DEAR ABBY: Recently a neighbor, and friend of 12 years, purchased a new riding mower after the engine on his mower burned out. He asked if my husband would have any interest in the old mower, and said that if he didn't, it would be put out on the curb with a sign reading "free for the taking." Knowing the mower was in good shape, and that he could rebuild the engine or replace it, my husband accepted the offer. We felt this was a generous gift and we needed to replace our mower anyway.
A few days later, we came home to find our neighbor's new mower in our driveway. We thought he had brought it over for us to borrow while the one he gave us was in the repair shop. When we asked, he said it was the new one he had bought recently and he wanted us to have it. He had gotten another one for himself.
We tried to refuse such an expensive gift, but he became insistent and said he wanted us to have it. It made him happy to give it to us.
Abby, these neighbors are not wealthy. In fact, they are both in poor health and his wife is terminally ill. It seems too generous a gift to accept. Even if you feel we should accept it, it seems a waste of money that could be spent in a more practical way. -- GRATEFUL BUT UNCOMFORTABLE IN MAINE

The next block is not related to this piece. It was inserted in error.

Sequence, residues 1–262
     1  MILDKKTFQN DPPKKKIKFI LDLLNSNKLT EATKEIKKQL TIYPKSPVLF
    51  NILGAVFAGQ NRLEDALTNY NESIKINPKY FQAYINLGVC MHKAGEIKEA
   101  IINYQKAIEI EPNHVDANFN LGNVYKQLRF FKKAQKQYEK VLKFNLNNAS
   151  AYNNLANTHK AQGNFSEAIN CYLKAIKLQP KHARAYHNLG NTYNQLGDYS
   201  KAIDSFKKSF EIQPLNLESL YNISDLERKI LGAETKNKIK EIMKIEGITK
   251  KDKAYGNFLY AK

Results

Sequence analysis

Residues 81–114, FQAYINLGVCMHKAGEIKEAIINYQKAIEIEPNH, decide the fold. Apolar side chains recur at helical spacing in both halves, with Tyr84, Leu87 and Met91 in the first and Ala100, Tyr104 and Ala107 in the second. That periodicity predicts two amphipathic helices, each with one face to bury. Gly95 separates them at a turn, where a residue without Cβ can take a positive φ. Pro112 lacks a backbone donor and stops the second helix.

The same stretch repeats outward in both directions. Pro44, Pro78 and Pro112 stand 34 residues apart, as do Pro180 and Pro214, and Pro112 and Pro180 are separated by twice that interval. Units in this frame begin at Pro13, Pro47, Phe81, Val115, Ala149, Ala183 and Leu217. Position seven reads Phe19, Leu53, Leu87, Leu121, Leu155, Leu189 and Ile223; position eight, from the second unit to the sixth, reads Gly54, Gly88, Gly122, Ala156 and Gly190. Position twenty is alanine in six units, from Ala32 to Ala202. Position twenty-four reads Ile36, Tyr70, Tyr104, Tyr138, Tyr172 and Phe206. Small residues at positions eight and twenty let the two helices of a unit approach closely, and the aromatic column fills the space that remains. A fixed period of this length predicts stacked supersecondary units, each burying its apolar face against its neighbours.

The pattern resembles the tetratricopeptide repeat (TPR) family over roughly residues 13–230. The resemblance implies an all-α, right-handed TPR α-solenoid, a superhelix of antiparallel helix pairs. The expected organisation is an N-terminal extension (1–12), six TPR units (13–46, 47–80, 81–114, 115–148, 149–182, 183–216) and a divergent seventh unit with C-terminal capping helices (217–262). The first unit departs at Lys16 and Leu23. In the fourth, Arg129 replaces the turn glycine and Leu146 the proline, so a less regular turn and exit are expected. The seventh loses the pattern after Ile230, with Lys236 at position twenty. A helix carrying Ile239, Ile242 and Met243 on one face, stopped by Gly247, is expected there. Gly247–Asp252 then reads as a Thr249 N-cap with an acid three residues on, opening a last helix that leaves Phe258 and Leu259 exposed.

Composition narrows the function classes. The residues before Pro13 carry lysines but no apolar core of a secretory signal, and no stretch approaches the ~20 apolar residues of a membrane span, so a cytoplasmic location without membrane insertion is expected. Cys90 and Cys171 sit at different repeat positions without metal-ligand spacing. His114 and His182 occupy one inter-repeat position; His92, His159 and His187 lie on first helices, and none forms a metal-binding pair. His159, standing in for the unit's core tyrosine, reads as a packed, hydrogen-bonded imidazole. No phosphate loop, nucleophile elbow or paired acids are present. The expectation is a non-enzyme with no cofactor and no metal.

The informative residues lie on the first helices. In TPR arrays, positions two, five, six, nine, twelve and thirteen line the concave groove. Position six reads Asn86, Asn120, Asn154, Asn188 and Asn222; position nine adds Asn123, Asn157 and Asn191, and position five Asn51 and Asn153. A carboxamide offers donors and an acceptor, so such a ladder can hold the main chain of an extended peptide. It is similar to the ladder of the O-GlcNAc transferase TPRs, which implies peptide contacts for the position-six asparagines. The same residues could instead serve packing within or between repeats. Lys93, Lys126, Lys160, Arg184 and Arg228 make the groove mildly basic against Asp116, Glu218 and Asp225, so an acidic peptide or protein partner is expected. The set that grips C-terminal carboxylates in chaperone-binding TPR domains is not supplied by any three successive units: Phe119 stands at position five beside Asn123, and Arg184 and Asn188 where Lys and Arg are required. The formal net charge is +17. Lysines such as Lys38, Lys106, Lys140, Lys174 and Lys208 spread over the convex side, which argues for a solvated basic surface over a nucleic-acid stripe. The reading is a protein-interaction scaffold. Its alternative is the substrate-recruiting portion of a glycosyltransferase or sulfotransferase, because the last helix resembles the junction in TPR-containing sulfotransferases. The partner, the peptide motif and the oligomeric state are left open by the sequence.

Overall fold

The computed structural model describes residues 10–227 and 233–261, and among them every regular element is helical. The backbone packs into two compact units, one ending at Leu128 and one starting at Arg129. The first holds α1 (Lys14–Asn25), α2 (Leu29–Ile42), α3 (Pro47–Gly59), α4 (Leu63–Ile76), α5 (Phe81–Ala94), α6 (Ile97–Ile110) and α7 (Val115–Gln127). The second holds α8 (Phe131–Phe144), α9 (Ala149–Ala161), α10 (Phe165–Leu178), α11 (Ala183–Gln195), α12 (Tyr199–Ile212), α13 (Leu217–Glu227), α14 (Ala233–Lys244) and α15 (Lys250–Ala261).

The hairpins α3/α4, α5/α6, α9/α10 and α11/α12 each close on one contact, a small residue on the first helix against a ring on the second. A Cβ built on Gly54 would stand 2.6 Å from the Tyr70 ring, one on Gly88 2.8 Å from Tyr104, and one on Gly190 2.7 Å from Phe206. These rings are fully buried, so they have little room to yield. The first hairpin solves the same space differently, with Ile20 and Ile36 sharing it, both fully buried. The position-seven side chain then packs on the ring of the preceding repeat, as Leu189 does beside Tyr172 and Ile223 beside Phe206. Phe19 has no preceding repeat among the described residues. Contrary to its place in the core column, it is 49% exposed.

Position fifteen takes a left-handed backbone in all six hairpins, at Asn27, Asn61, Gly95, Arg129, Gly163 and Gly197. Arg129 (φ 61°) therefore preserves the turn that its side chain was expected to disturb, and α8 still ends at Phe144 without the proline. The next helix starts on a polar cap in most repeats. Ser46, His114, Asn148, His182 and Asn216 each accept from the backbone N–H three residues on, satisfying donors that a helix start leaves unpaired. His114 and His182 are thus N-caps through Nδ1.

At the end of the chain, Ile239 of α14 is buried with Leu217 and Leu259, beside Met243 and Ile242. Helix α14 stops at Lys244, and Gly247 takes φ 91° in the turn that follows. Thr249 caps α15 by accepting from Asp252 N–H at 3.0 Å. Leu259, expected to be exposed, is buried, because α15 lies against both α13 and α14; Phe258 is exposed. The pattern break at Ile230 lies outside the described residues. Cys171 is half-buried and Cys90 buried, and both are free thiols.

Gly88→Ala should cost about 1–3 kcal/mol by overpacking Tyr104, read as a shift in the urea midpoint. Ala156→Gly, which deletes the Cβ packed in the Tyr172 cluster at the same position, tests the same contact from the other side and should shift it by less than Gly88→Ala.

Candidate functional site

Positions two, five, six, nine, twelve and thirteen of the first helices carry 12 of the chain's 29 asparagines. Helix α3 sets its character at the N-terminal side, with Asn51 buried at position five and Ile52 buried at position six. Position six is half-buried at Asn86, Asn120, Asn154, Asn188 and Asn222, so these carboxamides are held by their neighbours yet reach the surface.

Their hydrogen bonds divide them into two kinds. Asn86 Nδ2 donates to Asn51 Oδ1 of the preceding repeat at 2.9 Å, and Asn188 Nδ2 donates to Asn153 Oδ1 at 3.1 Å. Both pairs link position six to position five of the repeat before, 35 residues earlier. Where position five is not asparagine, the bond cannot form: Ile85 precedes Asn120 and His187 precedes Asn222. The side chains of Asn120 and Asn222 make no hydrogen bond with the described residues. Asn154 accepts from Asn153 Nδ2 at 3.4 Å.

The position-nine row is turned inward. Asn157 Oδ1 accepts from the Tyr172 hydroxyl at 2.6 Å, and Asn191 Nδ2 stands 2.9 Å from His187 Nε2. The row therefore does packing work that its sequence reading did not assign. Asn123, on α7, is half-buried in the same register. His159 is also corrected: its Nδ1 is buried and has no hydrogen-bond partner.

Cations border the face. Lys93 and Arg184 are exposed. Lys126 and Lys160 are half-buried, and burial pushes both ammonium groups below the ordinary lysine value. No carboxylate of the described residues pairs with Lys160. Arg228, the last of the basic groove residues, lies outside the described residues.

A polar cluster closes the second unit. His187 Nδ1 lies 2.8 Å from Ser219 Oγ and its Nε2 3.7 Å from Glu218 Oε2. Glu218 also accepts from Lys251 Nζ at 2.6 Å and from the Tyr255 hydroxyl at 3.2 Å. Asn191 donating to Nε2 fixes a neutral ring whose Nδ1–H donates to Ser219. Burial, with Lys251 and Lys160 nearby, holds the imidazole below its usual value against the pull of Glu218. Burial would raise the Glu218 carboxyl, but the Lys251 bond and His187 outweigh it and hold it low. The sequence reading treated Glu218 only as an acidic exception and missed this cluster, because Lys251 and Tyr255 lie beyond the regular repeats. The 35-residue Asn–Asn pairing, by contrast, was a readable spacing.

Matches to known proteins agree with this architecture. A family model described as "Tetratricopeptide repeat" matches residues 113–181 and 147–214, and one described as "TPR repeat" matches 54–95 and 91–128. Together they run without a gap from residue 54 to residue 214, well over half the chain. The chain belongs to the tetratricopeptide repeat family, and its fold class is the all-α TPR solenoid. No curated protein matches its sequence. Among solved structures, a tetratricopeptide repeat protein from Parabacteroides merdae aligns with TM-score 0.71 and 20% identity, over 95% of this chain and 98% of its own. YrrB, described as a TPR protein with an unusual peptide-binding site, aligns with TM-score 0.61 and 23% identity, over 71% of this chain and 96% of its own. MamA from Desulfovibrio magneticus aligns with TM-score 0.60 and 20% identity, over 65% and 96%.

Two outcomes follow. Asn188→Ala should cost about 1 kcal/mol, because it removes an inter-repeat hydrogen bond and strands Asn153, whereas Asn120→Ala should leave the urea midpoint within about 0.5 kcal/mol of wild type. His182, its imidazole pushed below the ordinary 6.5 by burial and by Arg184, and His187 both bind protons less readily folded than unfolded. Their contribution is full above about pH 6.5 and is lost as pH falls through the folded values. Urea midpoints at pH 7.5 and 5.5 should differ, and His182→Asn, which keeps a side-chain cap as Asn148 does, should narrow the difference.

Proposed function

DEAR GRATEFUL: Accept the gift graciously. It made your neighbor happy to give the mower to you. It would be wonderful if you repaid his generosity by being there for him and his ailing wife during this difficult time. Or perhaps you could be a Good Samaritan by doing an unexpected favor for someone else down the road. Good deeds have been known to generate other good deeds.